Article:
In 2004, Canada's Supreme Court agreed to hear a constitutional challenge of §43. A plethora of special interests joined the controversial action which resulted in a split Court in Canadian Foundation for Children, Youth and the Law v Canada. Writing for a bare majority, Chief Justice McLachlin:

"The issue in this case is the constitutionality of Parliament’s decision to carve out a sphere within which children’s parents and teachers may use minor corrective force in some circumstances without facing criminal sanction.

"(T)he person applying the force must have intended it to be for educative or corrective purposes. (The defence) cannot exculpate outbursts of violence against a child motivated by anger or animated by frustration. It admits into its sphere of immunity only sober, reasoned uses of force that address the actual behaviour of the child and are designed to restrain, control or express some symbolic disapproval of his or her behaviour. The purpose of the force must always be the education or discipline of the child.

"Second, the child must be capable of benefiting from the correction. This requires the capacity to learn and the possibility of successful correction. Force against children under two cannot be corrective, since on the evidence they are incapable of understanding why they are hit. A child may also be incapable of learning from the application of force because of disability or some other contextual factor.

"Generally, §43 exempts from criminal sanction only minor corrective force of a transitory and trifling nature....

"It does not apply to corporal punishment of children under two or teenagers.

"Degrading, inhuman or harmful conduct is not protected. Discipline by the use of objects or blows or slaps to the head is unreasonable. Teachers may reasonably apply force to remove a child from a classroom or secure compliance with instructions, but not merely as corporal punishment.

"The gravity of the precipitating event is not relevant."

In the tragic case of R v Sinclair, Garnet Sinclair's:

"... his four-year-old daughter, was being disobedient and rambunctious. She refused to go to bed. Eventually, the accused picked up the child, shook her a couple of times, and threw her down onto the bed telling her to stay in bed and to sleep. Unfortunately, the child bounced off the bed, hit the wall and fell onto the floor. Tragically, she later died ... the trauma."

On trial for manslaughter, Sinclair invoked §43 of the Criminal Code. Relying on the 2004 Canadian Foundation case, Sinclair was convicted. The Manitoba Court of Appeal:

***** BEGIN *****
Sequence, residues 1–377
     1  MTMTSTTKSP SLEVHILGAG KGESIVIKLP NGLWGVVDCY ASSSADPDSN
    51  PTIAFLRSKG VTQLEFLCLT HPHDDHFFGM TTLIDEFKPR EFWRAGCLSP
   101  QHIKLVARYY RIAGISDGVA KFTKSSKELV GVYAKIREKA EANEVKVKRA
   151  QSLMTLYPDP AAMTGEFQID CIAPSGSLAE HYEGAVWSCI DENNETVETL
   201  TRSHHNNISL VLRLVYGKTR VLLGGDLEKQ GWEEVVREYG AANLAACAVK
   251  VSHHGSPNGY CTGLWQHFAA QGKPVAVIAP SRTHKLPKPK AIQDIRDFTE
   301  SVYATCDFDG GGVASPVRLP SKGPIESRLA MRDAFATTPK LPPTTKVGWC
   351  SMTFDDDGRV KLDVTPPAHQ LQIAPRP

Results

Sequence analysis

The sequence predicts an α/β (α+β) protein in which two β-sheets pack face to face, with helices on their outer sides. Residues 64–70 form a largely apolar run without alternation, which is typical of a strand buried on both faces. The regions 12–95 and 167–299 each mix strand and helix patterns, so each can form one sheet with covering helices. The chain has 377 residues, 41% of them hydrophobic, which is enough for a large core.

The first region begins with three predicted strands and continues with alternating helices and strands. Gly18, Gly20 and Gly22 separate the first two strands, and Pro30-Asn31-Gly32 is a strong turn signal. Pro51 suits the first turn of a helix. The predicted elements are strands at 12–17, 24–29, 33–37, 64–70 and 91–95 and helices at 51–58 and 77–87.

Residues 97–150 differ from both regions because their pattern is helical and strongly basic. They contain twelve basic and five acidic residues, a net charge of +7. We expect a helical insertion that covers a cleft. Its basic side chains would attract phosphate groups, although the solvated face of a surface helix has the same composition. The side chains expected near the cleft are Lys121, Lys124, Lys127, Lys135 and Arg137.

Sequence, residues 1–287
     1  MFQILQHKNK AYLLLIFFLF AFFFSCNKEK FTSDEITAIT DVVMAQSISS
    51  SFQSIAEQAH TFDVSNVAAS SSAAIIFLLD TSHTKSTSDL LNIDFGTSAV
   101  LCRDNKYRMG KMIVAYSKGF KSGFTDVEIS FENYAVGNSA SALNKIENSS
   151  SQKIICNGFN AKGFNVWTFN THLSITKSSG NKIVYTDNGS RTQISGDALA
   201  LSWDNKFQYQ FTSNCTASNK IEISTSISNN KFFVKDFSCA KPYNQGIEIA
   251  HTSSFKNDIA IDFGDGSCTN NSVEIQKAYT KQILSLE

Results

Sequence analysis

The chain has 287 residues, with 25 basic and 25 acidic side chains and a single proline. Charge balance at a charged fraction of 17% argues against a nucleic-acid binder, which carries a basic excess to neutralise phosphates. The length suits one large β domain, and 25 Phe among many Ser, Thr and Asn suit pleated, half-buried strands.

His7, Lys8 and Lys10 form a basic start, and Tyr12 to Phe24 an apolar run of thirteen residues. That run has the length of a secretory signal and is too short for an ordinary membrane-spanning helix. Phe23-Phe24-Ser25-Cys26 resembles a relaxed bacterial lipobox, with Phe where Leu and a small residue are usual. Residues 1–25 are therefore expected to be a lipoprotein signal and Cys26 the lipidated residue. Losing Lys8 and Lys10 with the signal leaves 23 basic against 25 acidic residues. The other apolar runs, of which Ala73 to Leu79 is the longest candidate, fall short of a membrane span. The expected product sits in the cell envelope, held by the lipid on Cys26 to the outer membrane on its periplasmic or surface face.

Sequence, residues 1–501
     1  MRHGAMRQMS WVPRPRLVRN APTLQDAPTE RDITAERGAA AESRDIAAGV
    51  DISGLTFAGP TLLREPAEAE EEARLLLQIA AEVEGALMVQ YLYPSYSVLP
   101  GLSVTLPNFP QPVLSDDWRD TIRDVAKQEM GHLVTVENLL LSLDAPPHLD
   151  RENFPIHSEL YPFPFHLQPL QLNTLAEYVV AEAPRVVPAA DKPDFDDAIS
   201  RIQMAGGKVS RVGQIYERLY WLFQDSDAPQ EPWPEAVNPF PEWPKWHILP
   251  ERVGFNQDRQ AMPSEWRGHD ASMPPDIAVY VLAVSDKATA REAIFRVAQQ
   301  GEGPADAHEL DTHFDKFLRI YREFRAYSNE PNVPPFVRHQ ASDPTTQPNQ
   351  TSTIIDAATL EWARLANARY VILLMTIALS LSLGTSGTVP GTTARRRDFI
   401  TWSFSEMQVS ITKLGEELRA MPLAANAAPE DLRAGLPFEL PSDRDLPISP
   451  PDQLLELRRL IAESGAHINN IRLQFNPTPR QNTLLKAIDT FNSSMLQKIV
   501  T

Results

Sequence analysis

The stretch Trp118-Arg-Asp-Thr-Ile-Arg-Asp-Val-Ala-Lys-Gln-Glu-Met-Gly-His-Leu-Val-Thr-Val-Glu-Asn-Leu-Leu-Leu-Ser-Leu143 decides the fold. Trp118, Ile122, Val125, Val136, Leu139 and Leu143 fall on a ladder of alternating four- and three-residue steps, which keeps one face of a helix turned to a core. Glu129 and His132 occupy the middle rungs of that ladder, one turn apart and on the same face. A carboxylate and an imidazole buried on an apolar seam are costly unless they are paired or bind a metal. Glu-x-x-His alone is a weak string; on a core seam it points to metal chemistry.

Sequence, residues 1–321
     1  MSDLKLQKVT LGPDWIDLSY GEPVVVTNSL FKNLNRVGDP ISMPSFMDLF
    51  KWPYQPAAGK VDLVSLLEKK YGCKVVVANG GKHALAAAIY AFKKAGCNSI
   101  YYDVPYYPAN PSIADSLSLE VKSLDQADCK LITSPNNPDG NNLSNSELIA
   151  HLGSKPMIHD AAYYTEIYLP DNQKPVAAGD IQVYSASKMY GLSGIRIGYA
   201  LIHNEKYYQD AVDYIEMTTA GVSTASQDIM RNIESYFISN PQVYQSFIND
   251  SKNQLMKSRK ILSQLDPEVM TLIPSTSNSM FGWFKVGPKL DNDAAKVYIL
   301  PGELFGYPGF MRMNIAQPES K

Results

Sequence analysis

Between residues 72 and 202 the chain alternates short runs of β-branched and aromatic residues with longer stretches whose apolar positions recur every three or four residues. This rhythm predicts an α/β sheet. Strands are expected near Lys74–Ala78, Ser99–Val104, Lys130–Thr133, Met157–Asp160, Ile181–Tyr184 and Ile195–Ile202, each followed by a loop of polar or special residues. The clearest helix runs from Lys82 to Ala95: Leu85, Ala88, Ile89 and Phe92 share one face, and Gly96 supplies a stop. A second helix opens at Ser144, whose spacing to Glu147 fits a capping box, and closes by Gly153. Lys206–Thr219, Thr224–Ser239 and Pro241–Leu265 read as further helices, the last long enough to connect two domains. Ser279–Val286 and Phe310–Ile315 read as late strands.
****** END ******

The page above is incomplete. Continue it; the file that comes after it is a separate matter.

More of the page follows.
"§43 only applies to the mildest forms of assault. It cannot exculpate outbursts of violence against a child motivated by anger or animated by frustration. The requirement that the conduct be corrective ... rules out conduct stemming from the caregiver’s frustration, loss of temper or abusive personality."

The incident at the Esquimalt Pool shows how ineffective the law can be in regards to a child's rights. The little boy was in no position to know or assert his right.

Many parents take grave offence to outside interference particularly in the moment of discipline when, already, their temper boils over. This can make the situation worse for the child.

Nor can any casual observor know the full circumstances of the correction.

But saved by the slimmest of margins by the Supreme Court, the clock appears to be ticking on §43 of the Criminal Code.

Some argue it is already dead.

Facing a charge of assault, which parent can truthfully say that he or she applied corporal punishment to his or her child, or a teacher to his or her pupil, other than as an unplanned last resort and thus necessarily "animated by frustration"?

With some deference to a Supreme Court made up of persons whose parenting years are well behind them, let's be honest.

The answer is hardly any.

Enter a 2008 case, R v Swan (also known as R. v BS), a father was competely out of ideas to stop his 15-year old daughter from frequenting drug hangouts so he grabbed her by the shirt and forced her into his truck, to drive her home. She told the police and the father was arrested and charged with assault.

The Court first noted very wise words from a 1986 decision of the Ontario Provincial Court (R. v Peterson):

"It is unrealistic to assume that parents discipline their children, whatever the nature of the infraction, in a state of detached calm. Anger is part and parcel of correction of the child. What is relevant is not whether the parent is upset, distraught, frustrated, annoyed or angry, but whether the parent is in control of his or her anger or emotions."

Even given the age of the child (15) and the clear evidence that the father's actions were "anger-fuelled", he was acquitted of assault based upon §43 of the Criminal Code.